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The Arizona governor last night ordered the immediate closure of bars, cinemas, gyms, and pools, while other states mandated the use of face masks in public in an abrupt reversal in the face of an alarming rise in cases of coronavirus in the United States.

The country hardest hit by the pandemic recorded 41,586 infections and 338 deaths yesterday, according to Johns Hopkins University, a strong rebound in cases that started last week and that brings the country back to the levels of infection two months ago, before reopens.

Two members of the White House special team for the pandemic, Doctors Anthony Fauci and Robert Redfield, director of the Center for Disease Control and Prevention, will testify before the Senate today about the government’s efforts to contain the outbreak.

The hearing in the Health, Education and Pensions Commission coincides with an increase in coronavirus cases in more than half of the 50 states of the country and comes after the United States registered an absolute record of more than 45,000 cases last Friday. in a day.

Florida, Texas and Arizona are among the most affected states.

Texas halted its reopening last week and closed bars and restaurants, and Florida’s beaches will be closed next weekend.

Last night, the governor of southern Arizona, Republican Doug Ducey, ordered the immediate closure of bars, cinemas, gyms and swimming pools for at least 30 days, after having authorized its opening in the middle of last month.

Ducey also ordered that the start of classes in public schools be deferred until at least August 17.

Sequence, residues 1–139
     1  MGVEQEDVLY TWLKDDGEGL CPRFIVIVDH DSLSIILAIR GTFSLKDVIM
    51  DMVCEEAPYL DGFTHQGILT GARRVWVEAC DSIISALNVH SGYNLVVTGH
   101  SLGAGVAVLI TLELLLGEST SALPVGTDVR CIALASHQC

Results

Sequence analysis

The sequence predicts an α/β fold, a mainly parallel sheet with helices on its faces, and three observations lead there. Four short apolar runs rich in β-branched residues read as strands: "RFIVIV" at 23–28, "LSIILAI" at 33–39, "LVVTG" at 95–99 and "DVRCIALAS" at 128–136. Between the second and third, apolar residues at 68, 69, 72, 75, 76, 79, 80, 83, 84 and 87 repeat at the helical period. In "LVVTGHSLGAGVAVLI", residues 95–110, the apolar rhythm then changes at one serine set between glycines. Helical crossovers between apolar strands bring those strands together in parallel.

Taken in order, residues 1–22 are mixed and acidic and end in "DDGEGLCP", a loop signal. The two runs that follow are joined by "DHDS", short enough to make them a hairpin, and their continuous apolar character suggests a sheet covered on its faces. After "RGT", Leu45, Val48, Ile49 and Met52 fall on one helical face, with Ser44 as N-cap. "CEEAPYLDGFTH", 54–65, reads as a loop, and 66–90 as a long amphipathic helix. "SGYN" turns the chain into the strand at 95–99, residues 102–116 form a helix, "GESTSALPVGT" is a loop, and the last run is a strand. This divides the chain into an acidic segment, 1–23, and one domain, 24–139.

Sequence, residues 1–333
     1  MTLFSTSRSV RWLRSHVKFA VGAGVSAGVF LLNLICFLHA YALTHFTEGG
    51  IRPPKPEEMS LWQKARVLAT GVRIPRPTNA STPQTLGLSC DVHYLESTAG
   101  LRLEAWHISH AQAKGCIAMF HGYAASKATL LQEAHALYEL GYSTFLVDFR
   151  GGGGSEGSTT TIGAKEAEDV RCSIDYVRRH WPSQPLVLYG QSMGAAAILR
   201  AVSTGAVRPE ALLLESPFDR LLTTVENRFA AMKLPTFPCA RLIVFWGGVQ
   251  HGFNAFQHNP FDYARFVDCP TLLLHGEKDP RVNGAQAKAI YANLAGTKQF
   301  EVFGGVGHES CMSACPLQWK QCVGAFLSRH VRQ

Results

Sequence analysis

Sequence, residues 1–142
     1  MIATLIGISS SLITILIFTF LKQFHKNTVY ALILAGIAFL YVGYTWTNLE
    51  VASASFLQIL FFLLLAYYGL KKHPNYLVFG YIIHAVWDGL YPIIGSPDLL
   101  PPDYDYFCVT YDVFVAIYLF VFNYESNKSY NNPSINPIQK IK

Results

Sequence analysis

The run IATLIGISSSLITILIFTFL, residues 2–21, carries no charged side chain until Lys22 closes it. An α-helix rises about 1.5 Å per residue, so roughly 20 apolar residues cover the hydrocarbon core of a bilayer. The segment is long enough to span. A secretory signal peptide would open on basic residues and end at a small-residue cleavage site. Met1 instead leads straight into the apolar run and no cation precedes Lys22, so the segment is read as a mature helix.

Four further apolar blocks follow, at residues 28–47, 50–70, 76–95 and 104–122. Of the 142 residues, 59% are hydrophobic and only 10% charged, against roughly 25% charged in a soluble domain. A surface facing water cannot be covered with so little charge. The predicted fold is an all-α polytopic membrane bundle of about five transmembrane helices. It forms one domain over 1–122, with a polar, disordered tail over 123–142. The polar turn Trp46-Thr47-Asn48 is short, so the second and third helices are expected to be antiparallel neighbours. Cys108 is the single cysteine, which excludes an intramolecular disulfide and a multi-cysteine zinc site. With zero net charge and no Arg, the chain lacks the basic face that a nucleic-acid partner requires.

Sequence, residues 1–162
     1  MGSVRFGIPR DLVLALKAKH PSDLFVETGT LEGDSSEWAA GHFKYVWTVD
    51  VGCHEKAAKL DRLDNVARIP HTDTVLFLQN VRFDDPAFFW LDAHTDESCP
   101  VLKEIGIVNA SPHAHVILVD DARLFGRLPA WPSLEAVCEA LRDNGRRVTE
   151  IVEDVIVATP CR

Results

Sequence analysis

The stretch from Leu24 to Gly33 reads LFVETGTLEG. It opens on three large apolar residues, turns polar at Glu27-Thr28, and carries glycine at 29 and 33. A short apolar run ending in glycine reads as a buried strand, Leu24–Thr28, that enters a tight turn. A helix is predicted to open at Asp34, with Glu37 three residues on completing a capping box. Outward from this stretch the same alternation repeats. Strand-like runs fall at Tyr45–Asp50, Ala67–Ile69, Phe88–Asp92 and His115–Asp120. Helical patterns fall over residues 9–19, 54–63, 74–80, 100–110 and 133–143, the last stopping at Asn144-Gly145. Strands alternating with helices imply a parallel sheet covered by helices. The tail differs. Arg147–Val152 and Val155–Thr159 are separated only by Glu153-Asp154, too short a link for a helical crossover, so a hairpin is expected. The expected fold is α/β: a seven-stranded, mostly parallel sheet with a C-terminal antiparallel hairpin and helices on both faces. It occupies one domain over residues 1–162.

Arizona yesterday registered 3,858 cases of coronavirus in the previous 24 hours, a record for the state and the seventh time in the last ten days that daily infections exceed 3,000.

“We expect the numbers to be worse next week,” Ducey told reporters, CNN reported.

Arizona has recorded 74,500 cases and 1,588 deaths from coronavirus.

The Democratic governors of Oregon and Kansas also announced last night the mandatory use of face masks.

In Oregon, Gov. Kate Brown said every state resident should wear face masks in closed public places beginning Wednesday.

Kansas Governor Laura Kelly said she will issue a decree on the use of masks in stores, general stores, restaurants and in any situation that a social distance of at least 2 meters cannot be maintained, including in open places.

The order takes effect next Friday.

In Florida, the use of masks also became mandatory since yesterday in the city of Jacksonville, where President Donald Trump, who has refused to wear masks during visits to states and factories that require it, will be proclaimed presidential candidate of his Republican Party .

The proclamation at the national convention will be in August, and the general elections, in which Trump will face Democrat Joe Biden, are scheduled for November 3.

The chinstrap is also mandatory from today in Miami, and its mayor, Dan Gelber, who ordered the measure yesterday, told CNN that there will be fines for those who fail to comply.

Florida Governor Republican Ron DeSantis has opposed wearing masks statewide, but in response to the decision by Jacksonville and Miami, he said he will support local authorities who do what they think is appropriate.